Football enthusiasts in Iran yearn for fast-paced football: the pace and beauty of the game is vital in keeping their attention. Defensive tactics are shunned, even if such methods earn them the results they need. It's why the likes of Ali Daei or Ali Karimi have excited spectators with their stunning skills, and are the most popular players in the country.
After Ali Daei’s retirement from international football at the end of 2006 World Cup, Team Melli had struggled a talented goal-getter bolster its offensive line. Until now. Azmoun has stepped forward as the heir apparent with 16 goals in 22 caps since his debut in May 2014, including a hat-trick against Macedonia in June.
The 21-year-old's switch to European football at 18 was indicative of the bright future that lay ahead of him. Having scored against the likes of South Korea, Iraq and Qatar in international friendlies, and twice at the 2015 Asian Cup in Australia, he has quickly demonstrated his astuteness at the sharp end that puts him in good stead for a promising future.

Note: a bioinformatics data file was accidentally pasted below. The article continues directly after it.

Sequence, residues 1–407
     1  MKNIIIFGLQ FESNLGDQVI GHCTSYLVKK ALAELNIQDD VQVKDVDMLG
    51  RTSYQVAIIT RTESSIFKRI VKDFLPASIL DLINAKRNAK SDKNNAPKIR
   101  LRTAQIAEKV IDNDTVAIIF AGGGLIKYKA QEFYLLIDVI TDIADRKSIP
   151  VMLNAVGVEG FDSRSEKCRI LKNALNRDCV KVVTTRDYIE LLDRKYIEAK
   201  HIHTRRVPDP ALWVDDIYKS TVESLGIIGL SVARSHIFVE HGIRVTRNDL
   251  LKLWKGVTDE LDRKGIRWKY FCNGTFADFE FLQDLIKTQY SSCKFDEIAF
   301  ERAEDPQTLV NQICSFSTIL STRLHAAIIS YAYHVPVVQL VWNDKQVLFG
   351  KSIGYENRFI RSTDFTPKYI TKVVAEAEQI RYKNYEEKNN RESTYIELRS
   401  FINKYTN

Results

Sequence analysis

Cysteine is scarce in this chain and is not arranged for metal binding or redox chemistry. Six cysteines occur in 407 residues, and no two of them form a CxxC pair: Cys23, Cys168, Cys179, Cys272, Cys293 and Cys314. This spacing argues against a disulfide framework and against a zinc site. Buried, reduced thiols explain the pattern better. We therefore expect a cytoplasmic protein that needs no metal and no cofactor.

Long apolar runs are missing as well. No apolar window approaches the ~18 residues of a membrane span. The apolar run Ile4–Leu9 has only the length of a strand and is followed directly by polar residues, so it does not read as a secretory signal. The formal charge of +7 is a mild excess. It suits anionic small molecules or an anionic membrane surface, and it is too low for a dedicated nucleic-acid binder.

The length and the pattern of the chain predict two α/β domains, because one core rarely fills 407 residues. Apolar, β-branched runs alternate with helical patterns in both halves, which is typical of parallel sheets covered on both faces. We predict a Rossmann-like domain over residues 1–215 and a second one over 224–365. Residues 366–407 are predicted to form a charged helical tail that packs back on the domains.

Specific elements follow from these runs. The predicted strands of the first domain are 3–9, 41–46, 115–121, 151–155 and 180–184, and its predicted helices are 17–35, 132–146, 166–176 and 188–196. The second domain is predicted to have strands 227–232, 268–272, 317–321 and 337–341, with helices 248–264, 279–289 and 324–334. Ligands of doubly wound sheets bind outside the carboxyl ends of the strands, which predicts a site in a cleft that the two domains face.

In Iran, Azmoun is often compared to Argentine ace Lionel Messi. His outstanding dribbling skills, ball control, superb eye for goal and marvellous finishing power are his main attributes. Off the field, he is a personable, down-to-earth young man who always seeks to learn from his coaches.
According to Azmoun himself, he was very lucky to have had the chance to work with former Real Madrid and Portugal coach Carlos Queiroz. Despite not making the squad for the 2014 World Cup in Brazil, Sardar praised Queiroz's technical and managerial abilities and admitted there was much to learn from the Portuguese manager.
Azmoun has confessed that the Russian Premier League features players who are physically stronger than him. It's is a problem for him in the short-term, as his slender physique doesn't really allow him to win one-on-one challenges against stronger players. For the same reason, he can be easily tripped or brought down.